exasperatingly in order. "You need not trouble about anything
now, my lord," he said. "Everything will keep until you are ready
to attend to it. It's well we're through with Easter. Bishop
Buncombe of Eastern Blowdesia was coming here anyhow. And there
is Canon Bliss. There's only two ordination candidates because of
the war. We'll get on swimmingly."
The bishop thought he would like to talk to those two
ordination candidates, but they prevailed upon him not to do so.
He lay for the best part of one night confiding remarkable things
to two imaginary ordination candidates.
He developed a marked liking for Eleanor's company. She was
home again now after a visit to some friends. It was decided that
the best thing to do with him would be to send him away in her
charge. A journey abroad was impossible. France would remind him
too dreadfully of the war. His own mind turned suddenly to the
sweet air of Hunstanton. He had gone there at times to read, in
the old Cambridge days. "It is a terribly ugly place," he said,
"but it is wine in the veins."
Lady Ella was doubtful about Zeppelins. Thrice they had been
right over Hunstanton already. They came in by the easy landmark
of the Wash.
"It will interest him," said Eleanor, who knew her father
One warm and still and sunny afternoon the bishop found himself
looking out upon the waters of the Wash. He sat where the highest
pebble layers of the beach reached up to a little cliff of sandy
earth perhaps a foot high, and he looked upon sands and sea and
sky and saw that they were beautiful.
He was a little black-gaitered object in a scene of the most
exquisite and delicate colour. Right and left of him stretched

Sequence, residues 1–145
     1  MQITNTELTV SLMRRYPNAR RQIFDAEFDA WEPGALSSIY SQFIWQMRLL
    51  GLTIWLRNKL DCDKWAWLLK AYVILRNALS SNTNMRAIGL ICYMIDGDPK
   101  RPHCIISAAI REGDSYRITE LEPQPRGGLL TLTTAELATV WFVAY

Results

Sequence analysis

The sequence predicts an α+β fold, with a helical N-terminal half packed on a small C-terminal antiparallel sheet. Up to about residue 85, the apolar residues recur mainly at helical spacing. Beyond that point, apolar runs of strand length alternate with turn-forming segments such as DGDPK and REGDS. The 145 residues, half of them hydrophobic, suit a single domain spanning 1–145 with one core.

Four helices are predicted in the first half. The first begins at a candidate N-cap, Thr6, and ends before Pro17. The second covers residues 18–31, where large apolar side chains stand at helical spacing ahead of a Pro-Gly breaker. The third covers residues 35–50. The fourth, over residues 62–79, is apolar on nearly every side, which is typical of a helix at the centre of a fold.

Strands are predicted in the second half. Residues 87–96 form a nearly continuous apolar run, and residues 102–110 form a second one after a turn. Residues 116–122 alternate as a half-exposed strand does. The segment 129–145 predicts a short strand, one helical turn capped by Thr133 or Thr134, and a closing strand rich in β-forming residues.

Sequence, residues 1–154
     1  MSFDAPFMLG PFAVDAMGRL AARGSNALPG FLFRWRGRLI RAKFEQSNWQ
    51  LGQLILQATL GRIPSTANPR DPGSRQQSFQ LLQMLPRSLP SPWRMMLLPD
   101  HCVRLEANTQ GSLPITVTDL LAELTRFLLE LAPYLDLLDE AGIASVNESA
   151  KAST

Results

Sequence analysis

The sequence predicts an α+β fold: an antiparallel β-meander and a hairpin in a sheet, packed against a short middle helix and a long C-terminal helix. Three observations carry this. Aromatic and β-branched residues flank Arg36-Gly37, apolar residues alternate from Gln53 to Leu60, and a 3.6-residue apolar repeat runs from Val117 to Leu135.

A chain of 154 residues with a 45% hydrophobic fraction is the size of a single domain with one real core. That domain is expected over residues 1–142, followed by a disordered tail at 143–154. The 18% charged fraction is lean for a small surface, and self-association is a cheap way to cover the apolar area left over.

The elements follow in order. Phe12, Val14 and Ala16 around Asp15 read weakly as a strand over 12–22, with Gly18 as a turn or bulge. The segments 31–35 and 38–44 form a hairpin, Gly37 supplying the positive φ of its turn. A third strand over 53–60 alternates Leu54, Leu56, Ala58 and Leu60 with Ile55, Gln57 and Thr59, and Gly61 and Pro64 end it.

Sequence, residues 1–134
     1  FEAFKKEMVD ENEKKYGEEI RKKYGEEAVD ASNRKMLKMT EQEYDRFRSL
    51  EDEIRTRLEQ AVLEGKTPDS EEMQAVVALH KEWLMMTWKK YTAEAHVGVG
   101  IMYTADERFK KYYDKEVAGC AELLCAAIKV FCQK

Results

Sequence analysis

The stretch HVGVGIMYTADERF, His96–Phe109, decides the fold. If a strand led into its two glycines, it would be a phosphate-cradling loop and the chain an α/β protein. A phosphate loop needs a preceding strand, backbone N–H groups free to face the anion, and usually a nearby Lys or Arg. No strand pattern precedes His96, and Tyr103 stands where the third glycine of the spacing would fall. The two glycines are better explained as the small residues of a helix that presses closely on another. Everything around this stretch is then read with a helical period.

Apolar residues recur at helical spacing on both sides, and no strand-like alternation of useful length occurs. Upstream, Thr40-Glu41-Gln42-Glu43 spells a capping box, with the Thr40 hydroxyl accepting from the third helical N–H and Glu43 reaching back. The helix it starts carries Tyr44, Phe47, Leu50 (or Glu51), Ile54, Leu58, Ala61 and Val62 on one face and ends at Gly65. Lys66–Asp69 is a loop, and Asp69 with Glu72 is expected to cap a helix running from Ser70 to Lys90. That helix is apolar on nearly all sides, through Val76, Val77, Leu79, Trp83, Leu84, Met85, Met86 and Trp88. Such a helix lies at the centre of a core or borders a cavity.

the low grey salted shore, pale banks of marly earth surmounted
by green-grey wiry grass that held and was half buried in fine
blown sand. Above, the heavens made a complete hemisphere of blue
in which a series of remote cumulus clouds floated and dissolved.
Before him spread the long levels of the sands, and far away at
its utmost ebb was the sea. Eleanor had gone to explore the black
ribs of a wrecked fishing-boat that lay at the edge of a shallow
lagoon. She was a little pink-footed figure, very bright and
apparently transparent. She had reverted for a time to shameless
childishness; she had hidden her stockings among the reeds of the
bank, and she was running to and fro, from star-fish to razor
shell and from cockle to weed. The shingle was pale drab and
purple close at hand, but to the westward, towards Hunstanton,
the sands became brown and purple, and were presently broken up
into endless skerries of low flat weed-covered boulders and
little intensely blue pools. The sea was a band of sapphire that
became silver to the west; it met the silver shining sands in one
delicate breathing edge of intensely white foam. Remote to the
west, very small and black and clear against the afternoon sky,
was a cart, and about it was a score or so of mussel-gatherers. A
little nearer, on an apparently empty stretch of shining wet
sand, a multitude of gulls was mysteriously busy. These two
groups of activities and Eleanor's flitting translucent movements
did but set off and emphasize the immense and soothing
For a long time the bishop sat passively receptive to this
healing beauty. Then a little flow of thought began and gathered
in his mind. He had come out to think over two letters that he
had brought with him. He drew these now rather reluctantly from
his pocket, and after a long pause over the envelopes began to
He reread Likeman's letter first.
Likeman could not forgive him.
"My dear Scrope," he wrote, "your explanation explains nothing.
This sensational declaration of infidelity to our mother church,
made under the most damning and distressing circumstances in the
presence of young and tender minds entrusted to your
ministrations, and in defiance of the honourable engagements
implied in the confirmation service, confirms my worst
apprehensions of the weaknesses of your character. I have always
felt the touch of theatricality in your temperament, the peculiar
craving to be pseudo-deeper, pseudo-simpler than us all, the need
of personal excitement. I know that you were never quite
contented to believe in God at second-hand. You wanted to be